The Natih E heavy-oil reservoir (21j API) atAl Ghubar field, Oman has produced less than 5% of the calculated oil in place. Porosity logs used to calculate reserves show high porosity throughout the reservoir, but further analysis of the only continuous core taken from the field indicates that much of the porosity is ineffective. There are four heavily oil-stained, high-permeability skeletalpelletal grainstone units with interparticle porosity in the core that probably contributed most of the production. The four permeable grainstone units occur at the top of small-scale accommodation cycles that have wackestone and packstone bases. These grainstones make up about 20% of the total thickness of the porous Natih E reservoir. The other 80% is composed of packstone and wackestone with ineffective microporosity, interparticle porosity in burrows, and isolated moldic and intraskeletal porosity. The small-scale reservoirbearing cycles can be correlated across the field using the separation between the medium and deep induction curves as a guide. Resistivity logs are the most reliable tool to distinguish effective from ineffective porosity. Most high-permeability grainstone units have deep induction values more than 100 ohmmand separation of more than 10 ohm m between the medium and deep induction curves. The ineffective intervals with microporosity, burrow porosity, and moldic porosity have lower resistivity and little separation between the medium and deep induction curves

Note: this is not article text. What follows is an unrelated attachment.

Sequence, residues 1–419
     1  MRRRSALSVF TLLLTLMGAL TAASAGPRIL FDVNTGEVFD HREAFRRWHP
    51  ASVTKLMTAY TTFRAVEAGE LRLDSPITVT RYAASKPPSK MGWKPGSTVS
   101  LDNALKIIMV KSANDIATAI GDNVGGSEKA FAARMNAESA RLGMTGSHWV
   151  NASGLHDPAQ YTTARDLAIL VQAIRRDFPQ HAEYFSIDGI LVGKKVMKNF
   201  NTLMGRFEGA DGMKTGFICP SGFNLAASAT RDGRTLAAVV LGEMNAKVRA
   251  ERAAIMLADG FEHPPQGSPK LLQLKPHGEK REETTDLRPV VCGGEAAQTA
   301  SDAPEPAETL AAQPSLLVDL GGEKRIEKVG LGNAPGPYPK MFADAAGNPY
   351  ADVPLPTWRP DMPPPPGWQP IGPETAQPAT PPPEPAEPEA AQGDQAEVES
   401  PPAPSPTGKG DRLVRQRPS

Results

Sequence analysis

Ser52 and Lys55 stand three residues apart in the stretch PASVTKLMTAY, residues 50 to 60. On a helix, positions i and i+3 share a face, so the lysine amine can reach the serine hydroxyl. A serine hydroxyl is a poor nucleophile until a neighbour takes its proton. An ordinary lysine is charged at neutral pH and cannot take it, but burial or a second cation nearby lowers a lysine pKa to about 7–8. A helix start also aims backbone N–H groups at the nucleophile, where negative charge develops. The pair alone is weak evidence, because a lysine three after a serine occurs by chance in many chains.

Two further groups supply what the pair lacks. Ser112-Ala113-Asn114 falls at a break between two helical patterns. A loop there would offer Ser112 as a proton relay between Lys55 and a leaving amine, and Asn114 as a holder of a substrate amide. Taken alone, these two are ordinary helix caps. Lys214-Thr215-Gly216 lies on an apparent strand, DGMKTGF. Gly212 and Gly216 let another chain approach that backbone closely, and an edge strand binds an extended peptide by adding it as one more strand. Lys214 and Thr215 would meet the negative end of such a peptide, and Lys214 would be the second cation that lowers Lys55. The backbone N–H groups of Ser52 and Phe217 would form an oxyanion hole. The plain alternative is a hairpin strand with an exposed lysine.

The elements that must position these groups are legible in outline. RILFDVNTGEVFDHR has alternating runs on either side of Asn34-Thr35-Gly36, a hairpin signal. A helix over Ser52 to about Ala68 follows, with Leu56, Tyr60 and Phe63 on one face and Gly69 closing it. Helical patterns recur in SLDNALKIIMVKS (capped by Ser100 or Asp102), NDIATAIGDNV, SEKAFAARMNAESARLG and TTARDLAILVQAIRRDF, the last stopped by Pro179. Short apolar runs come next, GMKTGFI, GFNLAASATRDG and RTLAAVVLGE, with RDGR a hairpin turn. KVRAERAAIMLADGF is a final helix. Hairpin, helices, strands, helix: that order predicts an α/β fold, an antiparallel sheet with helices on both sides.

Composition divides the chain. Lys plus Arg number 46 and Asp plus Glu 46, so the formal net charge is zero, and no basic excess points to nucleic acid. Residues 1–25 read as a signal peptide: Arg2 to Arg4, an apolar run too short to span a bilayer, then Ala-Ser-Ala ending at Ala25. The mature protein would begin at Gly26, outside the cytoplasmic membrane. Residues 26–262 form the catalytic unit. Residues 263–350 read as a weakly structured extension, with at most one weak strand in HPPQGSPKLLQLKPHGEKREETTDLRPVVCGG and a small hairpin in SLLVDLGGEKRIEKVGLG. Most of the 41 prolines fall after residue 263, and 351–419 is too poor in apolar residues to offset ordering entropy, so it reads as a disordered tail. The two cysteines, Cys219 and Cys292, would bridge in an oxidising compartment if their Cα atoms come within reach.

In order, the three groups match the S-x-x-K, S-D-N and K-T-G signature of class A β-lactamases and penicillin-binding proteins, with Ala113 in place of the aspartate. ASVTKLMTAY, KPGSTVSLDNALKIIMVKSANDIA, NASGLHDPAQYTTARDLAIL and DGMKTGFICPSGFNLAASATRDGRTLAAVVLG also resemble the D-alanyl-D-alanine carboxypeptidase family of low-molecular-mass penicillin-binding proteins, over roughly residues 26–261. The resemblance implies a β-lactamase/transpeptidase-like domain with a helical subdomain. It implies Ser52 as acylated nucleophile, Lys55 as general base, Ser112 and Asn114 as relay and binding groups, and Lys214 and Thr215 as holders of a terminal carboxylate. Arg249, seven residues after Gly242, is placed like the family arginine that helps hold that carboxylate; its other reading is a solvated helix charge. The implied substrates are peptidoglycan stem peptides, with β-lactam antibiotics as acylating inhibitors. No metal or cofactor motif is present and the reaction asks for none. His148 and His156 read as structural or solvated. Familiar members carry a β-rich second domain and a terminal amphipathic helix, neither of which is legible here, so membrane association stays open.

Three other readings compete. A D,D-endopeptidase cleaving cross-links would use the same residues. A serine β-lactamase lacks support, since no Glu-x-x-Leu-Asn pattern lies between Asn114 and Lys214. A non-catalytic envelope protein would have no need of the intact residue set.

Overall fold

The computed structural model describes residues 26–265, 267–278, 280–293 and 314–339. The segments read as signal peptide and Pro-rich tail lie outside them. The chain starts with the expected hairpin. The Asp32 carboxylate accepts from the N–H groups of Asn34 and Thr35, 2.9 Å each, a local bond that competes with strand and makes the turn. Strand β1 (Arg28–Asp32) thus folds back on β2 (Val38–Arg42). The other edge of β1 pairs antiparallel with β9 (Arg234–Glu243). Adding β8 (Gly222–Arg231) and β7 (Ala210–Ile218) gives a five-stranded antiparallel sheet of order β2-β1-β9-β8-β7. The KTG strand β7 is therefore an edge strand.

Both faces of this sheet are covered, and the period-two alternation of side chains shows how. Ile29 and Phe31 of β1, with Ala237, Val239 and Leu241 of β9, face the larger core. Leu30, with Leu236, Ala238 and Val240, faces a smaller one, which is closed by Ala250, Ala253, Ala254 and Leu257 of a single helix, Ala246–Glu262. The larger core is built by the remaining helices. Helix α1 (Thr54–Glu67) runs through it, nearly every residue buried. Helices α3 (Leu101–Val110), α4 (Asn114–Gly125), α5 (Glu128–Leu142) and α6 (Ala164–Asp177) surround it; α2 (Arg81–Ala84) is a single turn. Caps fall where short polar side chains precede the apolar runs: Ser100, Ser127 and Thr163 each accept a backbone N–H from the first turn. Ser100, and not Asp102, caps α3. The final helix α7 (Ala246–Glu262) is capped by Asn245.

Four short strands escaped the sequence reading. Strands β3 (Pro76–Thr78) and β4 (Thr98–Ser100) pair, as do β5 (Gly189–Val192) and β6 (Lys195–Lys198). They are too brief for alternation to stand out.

Geophysical evidence for karst formation associated with offshore groundwater transport: An example from North Carolina, 2003, Evans Rob L. , Lizarralde Dan

Marine geophysical data from Long Bay, North Carolina, involving a novel combination of electromagnetic and high-resolution Chirp seismics, show evidence of submarine karst formation associated with what has been inferred to be a site of high-flux submarine groundwater discharge (SGD) a substantial distance offshore. Recently observed temperature and chemical signals from wells in this area provide the basis for the interpretation of the high-flux SGD here, and they also suggest a terrestrial source for the groundwater and thus a potentially important route for nutrient transport to the oceans. Our data indicate that karstification is localized to the high-flux zone, and we suggest that mixing of the chemically distinct (but saline) groundwater with seawater has resulted in the karstification. As karstification increases permeability and flux, a positive feedback would tend to progressively enhance submarine groundwater discharge. Our data reveal a significant local anomaly in apparent porosity: a dense block that may have initiated the local focusing of groundwater flow. Conditions favorable to the formation of similar locally punctuated sites of high-flux SGD are likely to exist along the mid to inner shelf of the southeastern United States, where carbonate aquifers are prevalent


Speleogenesis: Deep-Seated and Confined Settings, 2004, Klimchouk A.